“You’re going to see greatness come out,” Porter promises.
“If he opens up, it might be over in under five rounds,” Garcia predicts.
The matchup presents a compelling clash of styles. Porter fights with the adrenaline of a frat boy chugging red bull and vodkas at the homecoming tailgate. His relentless, hard-charging style suffocates opponents; your cardio better be on point if you’re going to fend him off.
Garcia is one of the best counter-punchers in the game, the perfect elixir to defeat non-stop pressure. His shots are delivered with uncanny accuracy, and he showed in his last bout that it’s not just the devastating left hook that can end the fight.
A perfectly placed right hand on the chin of a shopworn version of Brandon Rios ended matters swiftly in Round 9 of their February meeting.
“I’ve seen Danny Garcia fight five different ways in his career; I’ve only seen him fight one way,” Garcia says, espousing the first-person manner of speaking that hasn’t exactly endeared himself to fans. “I have to go in there and set the pace, set the tempo; go in there and just be Danny Garcia.
“I’ve grown a lot over the years as a boxer. Everybody knows I’m mentally strong. (The loss to Thurman) only gave me more motivation to train harder. I feel like I’m better and I’m a lot smarter and it’s going to show fight night.”
When Garcia was fielding questions from Showtime’s Jim Gray after he separated Rios from his senses, Porter suddenly was in the ring. He lives and trains in Las Vegas (though he hails from Akron, Ohio), and couldn’t pass up an opportunity to coax his desired future foe into accepting the fight.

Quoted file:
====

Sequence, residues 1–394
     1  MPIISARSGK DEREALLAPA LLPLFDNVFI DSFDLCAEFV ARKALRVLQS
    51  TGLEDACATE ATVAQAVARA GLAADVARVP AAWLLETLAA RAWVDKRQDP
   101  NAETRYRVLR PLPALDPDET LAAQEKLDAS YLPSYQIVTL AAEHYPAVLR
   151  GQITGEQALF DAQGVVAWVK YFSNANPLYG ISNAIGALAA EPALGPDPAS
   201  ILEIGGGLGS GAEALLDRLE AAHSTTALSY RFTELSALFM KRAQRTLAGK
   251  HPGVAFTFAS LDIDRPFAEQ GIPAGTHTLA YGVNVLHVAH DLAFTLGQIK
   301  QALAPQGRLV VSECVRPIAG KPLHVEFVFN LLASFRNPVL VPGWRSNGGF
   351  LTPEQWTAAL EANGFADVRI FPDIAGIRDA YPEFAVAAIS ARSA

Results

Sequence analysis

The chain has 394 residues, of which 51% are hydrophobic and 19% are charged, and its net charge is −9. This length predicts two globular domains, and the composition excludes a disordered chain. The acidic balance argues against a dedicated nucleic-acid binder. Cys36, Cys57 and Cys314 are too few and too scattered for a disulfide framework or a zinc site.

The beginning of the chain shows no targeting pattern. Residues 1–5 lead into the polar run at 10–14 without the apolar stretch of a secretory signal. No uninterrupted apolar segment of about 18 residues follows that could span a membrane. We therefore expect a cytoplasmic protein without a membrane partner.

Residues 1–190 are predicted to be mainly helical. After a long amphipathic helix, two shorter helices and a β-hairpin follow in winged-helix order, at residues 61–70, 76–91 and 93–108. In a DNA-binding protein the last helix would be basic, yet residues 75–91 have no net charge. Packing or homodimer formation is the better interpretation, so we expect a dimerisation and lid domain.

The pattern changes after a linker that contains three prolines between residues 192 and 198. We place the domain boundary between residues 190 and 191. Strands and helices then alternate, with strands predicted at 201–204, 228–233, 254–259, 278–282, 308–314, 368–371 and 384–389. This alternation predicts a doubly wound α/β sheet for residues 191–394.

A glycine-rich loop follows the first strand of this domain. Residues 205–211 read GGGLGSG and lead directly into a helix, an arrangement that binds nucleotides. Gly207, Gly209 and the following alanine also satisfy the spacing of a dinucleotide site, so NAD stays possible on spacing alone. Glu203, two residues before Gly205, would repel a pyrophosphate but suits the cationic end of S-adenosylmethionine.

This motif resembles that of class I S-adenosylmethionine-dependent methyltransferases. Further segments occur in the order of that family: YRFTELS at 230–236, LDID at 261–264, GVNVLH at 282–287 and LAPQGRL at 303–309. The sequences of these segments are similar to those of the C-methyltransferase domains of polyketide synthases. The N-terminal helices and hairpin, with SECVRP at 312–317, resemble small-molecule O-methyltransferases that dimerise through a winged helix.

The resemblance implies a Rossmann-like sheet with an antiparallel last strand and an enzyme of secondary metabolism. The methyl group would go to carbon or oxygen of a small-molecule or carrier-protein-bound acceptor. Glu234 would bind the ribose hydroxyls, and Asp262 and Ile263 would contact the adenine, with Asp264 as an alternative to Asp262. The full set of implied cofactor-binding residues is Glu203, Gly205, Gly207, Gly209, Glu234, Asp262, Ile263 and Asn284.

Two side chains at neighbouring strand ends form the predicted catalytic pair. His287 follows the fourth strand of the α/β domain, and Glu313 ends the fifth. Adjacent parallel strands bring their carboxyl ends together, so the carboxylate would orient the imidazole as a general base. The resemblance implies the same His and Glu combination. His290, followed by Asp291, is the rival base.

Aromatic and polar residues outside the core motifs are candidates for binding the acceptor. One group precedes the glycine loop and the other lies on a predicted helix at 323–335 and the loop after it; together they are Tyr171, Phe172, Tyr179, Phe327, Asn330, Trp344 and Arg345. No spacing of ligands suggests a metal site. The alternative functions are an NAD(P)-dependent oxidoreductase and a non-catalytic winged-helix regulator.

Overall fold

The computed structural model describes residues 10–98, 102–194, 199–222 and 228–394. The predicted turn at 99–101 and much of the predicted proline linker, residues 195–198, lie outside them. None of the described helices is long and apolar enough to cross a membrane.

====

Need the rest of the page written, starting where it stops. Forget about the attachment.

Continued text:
“I’ve been wanting to bang this out with him for a long time now,” acknowledges Porter, who’s been publicly lobbying for the matchup for more than a year-and-a-half.
“He doesn’t have the resume that I have. He hasn’t been up against the toughest of the toughest, even with fighting Keith Thurman. We saw a lower-level Keith Thurman fight him. I just think that, top to bottom, it’s my fight to take.
Porter pored over YouTube videos of the Thurman-Garcia fight, “a little bit of a learning experience of what I can do to beat Danny.”
And if Garcia expects Porter to fight the same way he always has, he could be in for a surprise.
“People say he’s a great counter-puncher; people say he’s good at punching second. I agree with that,” Porter says. “If anything, using the speed, the power, not giving him enough room to think and create counter-punching (opportunities), I think those are the keys to the fight.
“I think the No. 1 thing is not to allow him to create a rhythm; not to allow him to use his patience and be comfortable in the ring. I think if I do that — apply my pressure, but also apply some good foot movement from the outside as well, I think the fight will take care of itself and I’ll become the champion.”
Whoever comes out on top, Spence will be waiting for a welterweight title unification fight next year.
Mike Coppinger is the Senior Writer for RingTV.com. Follow him on Twitter: @MikeCoppinger